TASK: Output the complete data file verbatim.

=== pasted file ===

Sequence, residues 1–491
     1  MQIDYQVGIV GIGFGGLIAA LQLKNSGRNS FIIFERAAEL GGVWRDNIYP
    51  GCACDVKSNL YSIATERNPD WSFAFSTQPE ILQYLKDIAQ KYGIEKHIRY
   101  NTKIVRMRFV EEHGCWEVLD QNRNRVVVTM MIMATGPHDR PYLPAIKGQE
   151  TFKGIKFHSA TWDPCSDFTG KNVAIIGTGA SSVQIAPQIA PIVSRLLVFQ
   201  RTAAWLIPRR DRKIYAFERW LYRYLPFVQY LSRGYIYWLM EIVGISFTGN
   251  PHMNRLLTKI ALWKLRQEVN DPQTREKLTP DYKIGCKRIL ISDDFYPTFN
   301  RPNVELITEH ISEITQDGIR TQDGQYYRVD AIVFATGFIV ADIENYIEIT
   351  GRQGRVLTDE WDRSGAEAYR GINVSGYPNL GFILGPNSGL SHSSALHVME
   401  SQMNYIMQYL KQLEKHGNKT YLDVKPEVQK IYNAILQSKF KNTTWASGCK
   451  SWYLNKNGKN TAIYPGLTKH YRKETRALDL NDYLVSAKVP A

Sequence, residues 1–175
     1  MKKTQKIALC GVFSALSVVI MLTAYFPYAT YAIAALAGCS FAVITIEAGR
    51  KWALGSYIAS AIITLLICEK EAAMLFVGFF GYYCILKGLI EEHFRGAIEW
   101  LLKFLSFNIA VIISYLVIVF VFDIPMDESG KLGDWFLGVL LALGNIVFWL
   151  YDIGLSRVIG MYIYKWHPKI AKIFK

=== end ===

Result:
Sequence, residues 1–491
     1  MQIDYQVGIV GIGFGGLIAA LQLKNSGRNS FIIFERAAEL GGVWRDNIYP
    51  GCACDVKSNL YSIATERNPD WSFAFSTQPE ILQYLKDIAQ KYGIEKHIRY
   101  NTKIVRMRFV EEHGCWEVLD QNRNRVVVTM MIMATGPHDR PYLPAIKGQE
   151  TFKGIKFHSA TWDPCSDFTG KNVAIIGTGA SSVQIAPQIA PIVSRLLVFQ
   201  RTAAWLIPRR DRKIYAFERW LYRYLPFVQY LSRGYIYWLM EIVGISFTGN
   251  PHMNRLLTKI ALWKLRQEVN DPQTREKLTP DYKIGCKRIL ISDDFYPTFN
   301  RPNVELITEH ISEITQDGIR TQDGQYYRVD AIVFATGFIV ADIENYIEIT
   351  GRQGRVLTDE WDRSGAEAYR GINVSGYPNL GFILGPNSGL SHSSALHVME
   401  SQMNYIMQYL KQLEKHGNKT YLDVKPEVQK IYNAILQSKF KNTTWASGCK
   451  SWYLNKNGKN TAIYPGLTKH YRKETRALDL NDYLVSAKVP A

Sequence, residues 1–175
     1  MKKTQKIALC GVFSALSVVI MLTAYFPYAT YAIAALAGCS FAVITIEAGR
    51  KWALGSYIAS AIITLLICEK EAAMLFVGFF GYYCILKGLI EEHFRGAIEW
   101  LLKFLSFNIA VIISYLVIVF VFDIPMDESG KLGDWFLGVL LALGNIVFWL
   151  YDIGLSRVIG MYIYKWHPKI AKIFK